“I remember the days when nobody had a phone at home. At Brownies we used to take turns to learn how to use the phone in a phonebox and call the Captain – it was seen as learning a life skill! I never thought there would be something where you can speak to people and look at them at the same time. I do appreciate it!”

Jeni hopes that her brother will also be able to call her through her Carephone and will definitely be recommending it to her friends at the Women’s Institute.

Her daughter Heather says:

“Having the Video Carephone has taken a lot of pressure off me. Especially that she speaks her family in Derbyshire. She really enjoys using it and it has made me feel like she’s not so alone.”

'Virtual bingo - who would've thought it?'

Maggie is one of three directors at the Young at Heart Day centre in Beccles. They provide services to people, most of whom have dementia, at their centre which has been operating for seven years. 

On average they welcome around ten people a day and open three days a week. Visitors have a meal, teas and coffees and participate in activities including cards, bingo, arts and crafts and singing.

Maggie says although they have an I-pad which they used on their customers’ behalf for searching on the internet, they have never used a tablet as a way of delivering a service before. 

They’ve now been using the Alcove Video Carephone for over six weeks and are seeing some excellent outcomes with five of their service-users actively using a device. Maggie says"before people could return to the centre it was great to have the devices. We called all our users once or twice a week. For some it was the only conversation they had with anyone."

Gloria, who is 73 and has a learning disability, lives alone with support, and absolutely loves her Alcove Video Carephone. Maggie says, "You know when Gloria is around, she is incredibly sociable and always glamorous.”

Before she was able to return to the day centre, Gloria really missed everyone. Maggie called her on her Video Carephone and then passed it around so that all her friends and support workers could chat to her.

Maggie has also given Gloria a Bingo card to take home so she can participate in games without having to attend in person. Maggie says, “It is early days but there are a lot of benefits going forward – mainly keeping in contact with people and helping them join in with the things that we do. It’s brilliant for those who have the cognitive ability to use it. Virtual bingo, who would have thought it?”

Tony Brown and Jeff Flint video carephone

Tony Brown and Jeffery Flint, Manor Court

Tony is almost 90 and is in good health, despite having being diagnosed with Alzheimers. He lives alone and is a bachelor, which means he relies on his wider support network to keep him occupied.

Jeff and Tony have been friends for nearly 40 years. Jeff was married to Tony’s niece and due to their mutual interests and love of nature, have become life-long friends. Tony has a large collection of foreign sea shells which he gifted to Jeff and he once grew a greenhouse full of orchids!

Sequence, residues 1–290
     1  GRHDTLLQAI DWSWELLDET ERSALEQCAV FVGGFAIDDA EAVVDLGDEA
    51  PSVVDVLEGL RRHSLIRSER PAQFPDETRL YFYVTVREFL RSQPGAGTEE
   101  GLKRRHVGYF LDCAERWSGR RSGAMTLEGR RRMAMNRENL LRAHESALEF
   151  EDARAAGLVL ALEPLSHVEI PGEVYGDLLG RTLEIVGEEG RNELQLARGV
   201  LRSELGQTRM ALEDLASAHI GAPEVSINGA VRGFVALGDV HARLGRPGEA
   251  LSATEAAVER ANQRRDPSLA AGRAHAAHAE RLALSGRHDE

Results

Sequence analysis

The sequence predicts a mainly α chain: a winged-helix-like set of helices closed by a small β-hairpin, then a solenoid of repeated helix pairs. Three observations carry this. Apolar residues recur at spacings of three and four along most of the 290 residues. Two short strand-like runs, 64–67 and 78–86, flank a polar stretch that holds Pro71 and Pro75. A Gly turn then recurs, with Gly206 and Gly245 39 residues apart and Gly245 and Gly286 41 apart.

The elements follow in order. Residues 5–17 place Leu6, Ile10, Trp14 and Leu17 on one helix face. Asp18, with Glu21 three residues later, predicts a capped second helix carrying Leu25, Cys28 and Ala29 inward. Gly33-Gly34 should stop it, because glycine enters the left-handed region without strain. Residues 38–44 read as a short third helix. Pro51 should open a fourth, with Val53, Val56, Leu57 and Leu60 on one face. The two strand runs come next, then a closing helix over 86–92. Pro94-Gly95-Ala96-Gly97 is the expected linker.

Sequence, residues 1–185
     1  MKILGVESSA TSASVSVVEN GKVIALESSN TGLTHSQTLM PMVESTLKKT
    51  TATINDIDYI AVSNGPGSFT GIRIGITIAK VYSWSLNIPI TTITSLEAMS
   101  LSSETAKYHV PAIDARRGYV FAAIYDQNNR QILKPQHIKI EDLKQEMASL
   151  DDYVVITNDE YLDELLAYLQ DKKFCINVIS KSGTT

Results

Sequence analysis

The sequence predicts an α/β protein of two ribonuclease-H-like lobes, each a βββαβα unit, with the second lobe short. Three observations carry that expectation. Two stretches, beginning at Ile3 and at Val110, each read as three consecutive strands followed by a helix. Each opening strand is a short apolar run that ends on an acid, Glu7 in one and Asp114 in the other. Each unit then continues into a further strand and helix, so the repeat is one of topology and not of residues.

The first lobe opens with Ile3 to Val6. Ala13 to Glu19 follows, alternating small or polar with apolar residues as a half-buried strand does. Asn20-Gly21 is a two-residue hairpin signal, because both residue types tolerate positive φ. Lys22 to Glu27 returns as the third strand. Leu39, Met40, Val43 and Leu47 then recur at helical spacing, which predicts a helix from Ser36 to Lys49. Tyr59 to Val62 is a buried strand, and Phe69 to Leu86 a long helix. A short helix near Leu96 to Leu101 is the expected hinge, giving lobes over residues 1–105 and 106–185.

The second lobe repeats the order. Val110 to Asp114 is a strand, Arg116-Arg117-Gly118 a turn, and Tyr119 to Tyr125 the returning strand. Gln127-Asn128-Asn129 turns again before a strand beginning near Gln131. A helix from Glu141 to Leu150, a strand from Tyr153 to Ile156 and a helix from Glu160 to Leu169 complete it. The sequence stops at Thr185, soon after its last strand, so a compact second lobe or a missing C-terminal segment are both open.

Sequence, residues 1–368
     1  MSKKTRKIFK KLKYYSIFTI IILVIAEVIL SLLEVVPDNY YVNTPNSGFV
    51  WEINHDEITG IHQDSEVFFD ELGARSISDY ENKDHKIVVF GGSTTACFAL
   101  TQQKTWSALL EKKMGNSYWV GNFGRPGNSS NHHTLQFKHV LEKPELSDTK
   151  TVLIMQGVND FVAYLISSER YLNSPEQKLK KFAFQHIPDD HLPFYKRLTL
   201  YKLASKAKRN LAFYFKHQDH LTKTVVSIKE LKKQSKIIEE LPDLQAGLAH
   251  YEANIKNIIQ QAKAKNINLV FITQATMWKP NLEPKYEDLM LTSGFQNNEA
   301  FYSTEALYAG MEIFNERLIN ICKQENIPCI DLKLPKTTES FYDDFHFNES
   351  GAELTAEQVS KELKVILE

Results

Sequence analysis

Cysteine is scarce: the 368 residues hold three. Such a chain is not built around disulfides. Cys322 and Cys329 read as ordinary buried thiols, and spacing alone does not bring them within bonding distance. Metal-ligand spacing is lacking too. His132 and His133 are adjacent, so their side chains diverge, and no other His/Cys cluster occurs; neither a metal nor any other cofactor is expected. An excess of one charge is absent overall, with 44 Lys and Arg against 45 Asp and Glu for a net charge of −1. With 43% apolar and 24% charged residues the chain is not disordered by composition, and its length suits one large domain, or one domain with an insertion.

Jeff’s friendship with Tony means he has also taken on the role as informal carer to him and he helps him with shopping, bringing food and supplies and checks in on him when he can. Tony also has carers from Manor Court care providers, who visit three times a day.

When he was younger, Tony lived an active life and spent three years in the army as a driver to some of the UKs top civil servants, secret service agents and military personnel. He recalls driving the General to the Queen’s coronation in 1953 as one of his career highlights. After leaving the military, he worked as handyman, taking on different jobs and relishing change. He retired after working for the MOD in Lakenheath and said he has loved every minute of all his work.

Jeff says:

“Tony is the most amazing man you will ever meet. He had the most active life, teaching himself Latin and learning to paint – with exceptional precision. He has always loved helping people, and when he retired, he spent thousands of hours helping out the local school with their garden and volunteering in the community.

“All he likes to do now is talk to people and tell them his stories – and there are so many. The Video Carephone is great as it give him the opportunity to do this.

“Tony did not use technology before, and wasn’t a fan - including television and telephones. He was very reluctant to receive a Video Carephone. But he absolutely loves his device now.”

During lockdown Jeff used to take his dogs out for a walk and called Tony on his Carephone to see the outside world and also to show him some of the places he used to visit.

Tony says:

“The device really helped me during lockdown as the days were so very long – especially for someone like me. I have always been active and it was difficult for me. So being able to see and talk to Jeff was a life saver, and to bring a bit of the outside world in.

“I have to say, Jeff is my anchor and I now can speak to him and see him every day.”